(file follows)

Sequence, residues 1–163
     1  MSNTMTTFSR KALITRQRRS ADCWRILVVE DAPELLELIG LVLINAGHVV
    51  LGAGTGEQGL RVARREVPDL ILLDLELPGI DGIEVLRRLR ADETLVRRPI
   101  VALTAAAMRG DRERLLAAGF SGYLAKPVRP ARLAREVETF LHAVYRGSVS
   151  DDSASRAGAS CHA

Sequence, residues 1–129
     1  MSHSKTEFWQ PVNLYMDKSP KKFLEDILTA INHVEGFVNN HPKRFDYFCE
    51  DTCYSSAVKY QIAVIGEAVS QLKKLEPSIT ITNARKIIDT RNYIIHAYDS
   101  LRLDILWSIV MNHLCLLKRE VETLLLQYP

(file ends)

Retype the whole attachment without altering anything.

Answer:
Sequence, residues 1–163
     1  MSNTMTTFSR KALITRQRRS ADCWRILVVE DAPELLELIG LVLINAGHVV
    51  LGAGTGEQGL RVARREVPDL ILLDLELPGI DGIEVLRRLR ADETLVRRPI
   101  VALTAAAMRG DRERLLAAGF SGYLAKPVRP ARLAREVETF LHAVYRGSVS
   151  DDSASRAGAS CHA

Sequence, residues 1–129
     1  MSHSKTEFWQ PVNLYMDKSP KKFLEDILTA INHVEGFVNN HPKRFDYFCE
    51  DTCYSSAVKY QIAVIGEAVS QLKKLEPSIT ITNARKIIDT RNYIIHAYDS
   101  LRLDILWSIV MNHLCLLKRE VETLLLQYP